Spring Fever celebrates music by showcasing local musicians at Bayou Park

The sound of a finely tuned guitar and a smooth southern voice began to ring through the air, drawing in crowds of eager listeners. 

Students sat around Bayou Park clutching chip bags, snow cones and coke cans as the music echoed throughout the park.

Three sets of unique and musically diverse acts were performed during the outdoor concert, offering the crowd a different taste from the last performance. 

From mellow country to psychedelic rock to rap, these artists all gave students something to dance, relax or sing along to. 

Stephen Paul, country star and ULM alumnus, gave our campus a grand taste of southern finery with his Gibson Les Paul and soothing, southern drawl.  

Paul strummed the strings of his instrument and clouds parted above, allowing the many rays of sunlight to irradiate the brown-hued body of the guitar as he played. 

Ever since his father put him on a set of drums when he was two, he has been a lover of and devotee to music, especially southern sounds. 

Paul has an extensive background in music. He was in several cover bands when he was a student. Today, Paul creates a mix between the traditional and modern pop-country. 

Paul has felt the effects of the COVID-19 pandemic that has rocked the music industry and world.

“It’s been difficult for artists to record because it’s expensive, and many artists struggle,” Paul said. “Anytime you support a local artist, it’s a big deal. Share their music, buy merch.” 

After Paul’s performance, local band Six O’clock Traffic, an eight-piece psychedelic rock band with math-rock elements, took the stage, emitting bass guitar tunes paired with groovy guitar chords and a powerful female voice.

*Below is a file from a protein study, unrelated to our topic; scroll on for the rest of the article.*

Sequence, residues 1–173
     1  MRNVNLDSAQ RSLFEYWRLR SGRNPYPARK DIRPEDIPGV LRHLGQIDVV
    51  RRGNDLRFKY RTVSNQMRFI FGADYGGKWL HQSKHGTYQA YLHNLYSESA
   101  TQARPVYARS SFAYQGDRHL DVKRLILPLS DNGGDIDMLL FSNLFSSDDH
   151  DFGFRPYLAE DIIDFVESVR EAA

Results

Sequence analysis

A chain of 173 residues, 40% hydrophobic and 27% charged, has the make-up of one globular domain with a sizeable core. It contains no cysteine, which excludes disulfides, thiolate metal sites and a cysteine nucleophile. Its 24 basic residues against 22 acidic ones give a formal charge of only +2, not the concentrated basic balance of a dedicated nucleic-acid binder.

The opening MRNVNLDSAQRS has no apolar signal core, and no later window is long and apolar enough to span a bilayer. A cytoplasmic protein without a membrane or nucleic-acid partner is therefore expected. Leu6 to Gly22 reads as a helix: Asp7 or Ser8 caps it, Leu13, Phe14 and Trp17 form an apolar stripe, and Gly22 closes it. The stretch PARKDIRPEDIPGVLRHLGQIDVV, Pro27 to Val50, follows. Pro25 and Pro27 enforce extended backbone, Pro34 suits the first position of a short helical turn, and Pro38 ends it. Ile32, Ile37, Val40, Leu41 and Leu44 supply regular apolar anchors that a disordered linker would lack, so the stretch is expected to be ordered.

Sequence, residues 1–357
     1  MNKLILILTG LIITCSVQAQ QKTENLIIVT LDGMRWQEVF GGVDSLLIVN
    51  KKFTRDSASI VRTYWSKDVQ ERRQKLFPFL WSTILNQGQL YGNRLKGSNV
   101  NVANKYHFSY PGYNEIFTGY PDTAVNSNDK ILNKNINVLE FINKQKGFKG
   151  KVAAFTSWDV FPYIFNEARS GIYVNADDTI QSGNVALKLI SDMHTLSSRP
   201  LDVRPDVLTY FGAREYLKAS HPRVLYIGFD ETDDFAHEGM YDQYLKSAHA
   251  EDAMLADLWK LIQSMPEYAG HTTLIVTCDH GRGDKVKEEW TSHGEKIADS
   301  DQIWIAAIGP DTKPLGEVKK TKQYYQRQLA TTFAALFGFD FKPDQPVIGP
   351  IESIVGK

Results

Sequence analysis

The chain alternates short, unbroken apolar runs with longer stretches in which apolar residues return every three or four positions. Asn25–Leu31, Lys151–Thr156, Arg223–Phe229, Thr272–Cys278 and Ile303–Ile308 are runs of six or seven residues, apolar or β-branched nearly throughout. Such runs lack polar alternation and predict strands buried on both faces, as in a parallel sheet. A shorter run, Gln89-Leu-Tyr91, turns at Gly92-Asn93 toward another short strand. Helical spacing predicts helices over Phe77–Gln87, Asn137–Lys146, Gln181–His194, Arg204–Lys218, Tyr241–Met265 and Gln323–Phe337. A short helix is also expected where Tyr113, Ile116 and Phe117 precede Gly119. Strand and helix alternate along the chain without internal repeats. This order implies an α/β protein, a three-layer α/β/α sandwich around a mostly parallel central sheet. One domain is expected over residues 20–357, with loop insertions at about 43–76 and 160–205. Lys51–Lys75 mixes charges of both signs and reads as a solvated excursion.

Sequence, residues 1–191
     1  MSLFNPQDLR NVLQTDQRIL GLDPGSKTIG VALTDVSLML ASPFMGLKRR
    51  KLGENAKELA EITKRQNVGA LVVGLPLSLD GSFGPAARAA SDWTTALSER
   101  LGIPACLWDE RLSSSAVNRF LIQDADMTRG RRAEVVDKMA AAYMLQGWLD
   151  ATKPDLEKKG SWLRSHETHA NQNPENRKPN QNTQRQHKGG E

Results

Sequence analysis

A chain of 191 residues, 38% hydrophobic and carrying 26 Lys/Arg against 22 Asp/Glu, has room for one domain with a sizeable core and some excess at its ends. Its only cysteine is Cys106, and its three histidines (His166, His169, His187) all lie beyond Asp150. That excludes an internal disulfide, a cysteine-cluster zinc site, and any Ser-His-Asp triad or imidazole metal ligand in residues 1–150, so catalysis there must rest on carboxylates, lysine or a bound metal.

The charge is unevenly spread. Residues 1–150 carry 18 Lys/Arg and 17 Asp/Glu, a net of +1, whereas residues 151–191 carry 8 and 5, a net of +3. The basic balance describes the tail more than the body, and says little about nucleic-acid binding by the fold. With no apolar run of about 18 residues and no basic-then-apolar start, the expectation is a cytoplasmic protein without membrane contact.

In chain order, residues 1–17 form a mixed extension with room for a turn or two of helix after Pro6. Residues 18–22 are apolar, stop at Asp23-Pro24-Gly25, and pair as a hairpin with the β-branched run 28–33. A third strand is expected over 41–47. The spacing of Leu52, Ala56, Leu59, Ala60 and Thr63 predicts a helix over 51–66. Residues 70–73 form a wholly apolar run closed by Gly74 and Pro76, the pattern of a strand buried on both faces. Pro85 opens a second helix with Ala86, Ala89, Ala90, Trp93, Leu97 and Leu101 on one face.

The band’s talent is evident through the sounds of a rich synthesizer, guitar, bass, drums, berry saxophone, trombone and strong vocals. 

With a melodious combination of talents, Six O’clock Traffic brings a charismatic and spunky presence to the stage. 

Tyler Schweinefus, Six O’clock Traffic bassist and songwriter, said he believes supporting local music will always be important, but bands need support now more than ever before. 

“It’s extremely important to support other bands,” Schweinefus said. “One of the best ways to support a band is to not stream their music, but actually buy it.”  

Rap artist MainMain grabbed the crowd’s attention with his upbeat, humorous verses and fiery beats. 

MainMain is a dedicated solo artist who consistently wows listeners with his unique verses and confident stage presence. 

Kaylee Sadler, a junior english major, enjoyed MainMain’s performance.

“His energy was great and a strong crowd interaction,” Sadler said. 

All artists who performed at the event have music available on different platforms such as YouTube, Spotify and Apple Music.